As part of this study, we also conducted fifteen group education sessions; these were held in nearly all apartment complexes in the intervention city over 6 months. The education session consists of following parts; OX quizzes to break the myths related to breast cancer and screening mammography, personified story to raise breast cancer awareness, statistics on breast cancer, symptoms of breast cancer, animation that shows how a mammogram is performed, and discussion on fear related to cancer screening. The education evaluation conducted in the pilot test of sampled residents showed that these education sessions improved the participants' knowledge level about both breast cancer and breast cancer screening. However, the limited number of education sessions might be insufficient to generate the critical mass necessary to impact the whole community. Group education by private hospitals (non-campaign) was negatively related to some outcome variables. This finding might be due to negative attitude toward private hospitals that provide the education sessions with intention to promote their hospitals to recruit more patients.
Interestingly, personal stories of cancer patients were inversely associated with intention regarding screening mammography. The literature on cancer-related fear, worry, or anxiety, emotion regulation, and screening behavior is increasing. However, a recent review on this subject reported that the findings of the studies were contradictory . Differences in age, ethnicity, and stages of the cancer screening process might explain these discrepancies.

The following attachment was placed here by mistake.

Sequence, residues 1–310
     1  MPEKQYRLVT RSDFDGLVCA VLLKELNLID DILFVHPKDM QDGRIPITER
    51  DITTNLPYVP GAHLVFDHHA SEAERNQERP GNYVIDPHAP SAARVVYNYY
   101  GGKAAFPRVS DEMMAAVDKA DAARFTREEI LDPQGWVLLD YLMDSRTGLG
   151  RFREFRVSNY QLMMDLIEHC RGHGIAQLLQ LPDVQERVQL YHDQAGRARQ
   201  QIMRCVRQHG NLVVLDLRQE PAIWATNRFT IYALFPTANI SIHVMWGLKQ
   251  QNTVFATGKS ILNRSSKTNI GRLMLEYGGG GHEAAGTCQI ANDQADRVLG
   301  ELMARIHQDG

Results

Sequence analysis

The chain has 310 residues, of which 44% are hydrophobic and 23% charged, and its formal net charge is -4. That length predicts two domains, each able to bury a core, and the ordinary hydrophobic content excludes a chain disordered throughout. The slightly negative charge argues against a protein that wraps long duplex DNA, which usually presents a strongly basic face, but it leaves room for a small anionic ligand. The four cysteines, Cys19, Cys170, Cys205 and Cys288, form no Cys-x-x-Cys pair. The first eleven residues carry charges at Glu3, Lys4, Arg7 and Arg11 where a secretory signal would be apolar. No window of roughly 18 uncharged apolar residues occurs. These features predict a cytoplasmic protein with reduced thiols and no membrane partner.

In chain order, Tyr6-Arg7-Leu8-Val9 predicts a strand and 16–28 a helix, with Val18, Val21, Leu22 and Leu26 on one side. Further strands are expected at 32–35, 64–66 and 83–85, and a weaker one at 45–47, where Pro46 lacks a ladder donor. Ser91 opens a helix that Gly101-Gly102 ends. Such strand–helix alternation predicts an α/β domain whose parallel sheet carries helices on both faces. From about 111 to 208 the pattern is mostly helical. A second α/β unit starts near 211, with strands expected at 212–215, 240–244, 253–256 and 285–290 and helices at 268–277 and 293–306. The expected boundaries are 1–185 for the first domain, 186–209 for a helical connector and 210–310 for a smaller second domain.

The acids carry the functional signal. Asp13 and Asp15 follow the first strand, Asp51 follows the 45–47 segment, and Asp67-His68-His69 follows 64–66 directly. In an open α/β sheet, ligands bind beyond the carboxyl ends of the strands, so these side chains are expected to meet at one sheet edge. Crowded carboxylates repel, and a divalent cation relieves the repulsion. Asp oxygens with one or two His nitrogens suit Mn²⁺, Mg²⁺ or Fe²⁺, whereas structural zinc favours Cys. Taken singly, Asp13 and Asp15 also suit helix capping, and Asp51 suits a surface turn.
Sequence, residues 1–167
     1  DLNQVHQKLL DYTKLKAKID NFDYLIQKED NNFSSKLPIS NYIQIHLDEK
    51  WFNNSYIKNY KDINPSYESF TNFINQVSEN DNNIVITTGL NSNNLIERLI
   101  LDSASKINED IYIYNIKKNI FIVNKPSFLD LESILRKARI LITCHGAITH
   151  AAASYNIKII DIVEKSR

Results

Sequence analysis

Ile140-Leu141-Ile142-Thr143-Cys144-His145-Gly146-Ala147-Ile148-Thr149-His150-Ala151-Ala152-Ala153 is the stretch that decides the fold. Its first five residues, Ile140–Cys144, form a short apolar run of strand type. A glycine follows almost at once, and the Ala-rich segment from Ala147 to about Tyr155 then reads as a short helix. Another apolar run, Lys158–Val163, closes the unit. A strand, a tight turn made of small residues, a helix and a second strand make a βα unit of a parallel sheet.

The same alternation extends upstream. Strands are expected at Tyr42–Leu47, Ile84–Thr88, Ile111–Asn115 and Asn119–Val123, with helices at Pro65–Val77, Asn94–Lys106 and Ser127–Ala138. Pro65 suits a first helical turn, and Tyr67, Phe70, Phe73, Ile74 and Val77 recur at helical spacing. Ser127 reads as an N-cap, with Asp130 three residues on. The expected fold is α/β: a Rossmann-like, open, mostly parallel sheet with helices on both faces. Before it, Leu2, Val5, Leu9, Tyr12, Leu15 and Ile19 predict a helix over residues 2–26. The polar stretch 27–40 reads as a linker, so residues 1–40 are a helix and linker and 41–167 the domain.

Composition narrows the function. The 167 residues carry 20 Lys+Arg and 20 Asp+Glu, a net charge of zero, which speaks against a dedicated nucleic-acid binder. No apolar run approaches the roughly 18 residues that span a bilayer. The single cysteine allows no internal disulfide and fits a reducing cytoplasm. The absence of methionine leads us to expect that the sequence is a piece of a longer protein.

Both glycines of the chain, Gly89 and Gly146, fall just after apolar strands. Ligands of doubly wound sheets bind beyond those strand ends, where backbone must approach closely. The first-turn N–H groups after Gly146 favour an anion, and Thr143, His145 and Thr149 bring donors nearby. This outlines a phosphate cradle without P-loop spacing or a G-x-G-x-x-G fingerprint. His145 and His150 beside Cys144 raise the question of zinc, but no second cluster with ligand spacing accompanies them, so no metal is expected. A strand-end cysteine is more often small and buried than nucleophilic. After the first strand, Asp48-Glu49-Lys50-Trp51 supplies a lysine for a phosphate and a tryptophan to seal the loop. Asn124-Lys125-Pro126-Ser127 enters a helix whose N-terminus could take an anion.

Several limitations need to be kept in mind when interpreting our data. This study used only 2 cities and, thus, could not guarantee the internal validity expected of randomized multi-city community intervention trials. Therefore, the results cannot be used to estimate true intervention effects or actual screening rates over time. Even though there are curvilinear functions between campaign effectiveness and campaign length, the duration of our campaign could have been too short to sufficiently impact the community. The inclusion of more cities and longer study duration were not possible because our resources were limited. Another limitation of this study is that baseline exposure scores were lower on every activity in the intervention city. A possible explanation is the inclusion of the comparison city in the World Health Organization Korean Healthy City Network in April 2008. A third limitation is that despite some sociodemographic similarities, such as age and education, at both baseline and follow-up in the intervention and comparison cities, the proportion of employed women and women with a history of mammography was different at baseline and follow-up. This suggests some differences in the baseline and follow-up survey populations in the 2 cities. However, those sociodemographic variables were statistically controlled by multivariate logistic regression including CITY, TIME, and CITY by TIME interaction to see whether the campaign activities in the intervention city had an independent influence on the city when we analyzed the effect of each campaign activity. Therefore, any statistically significant campaign activities can be regarded as independent of other variables, including sociodemographic variables.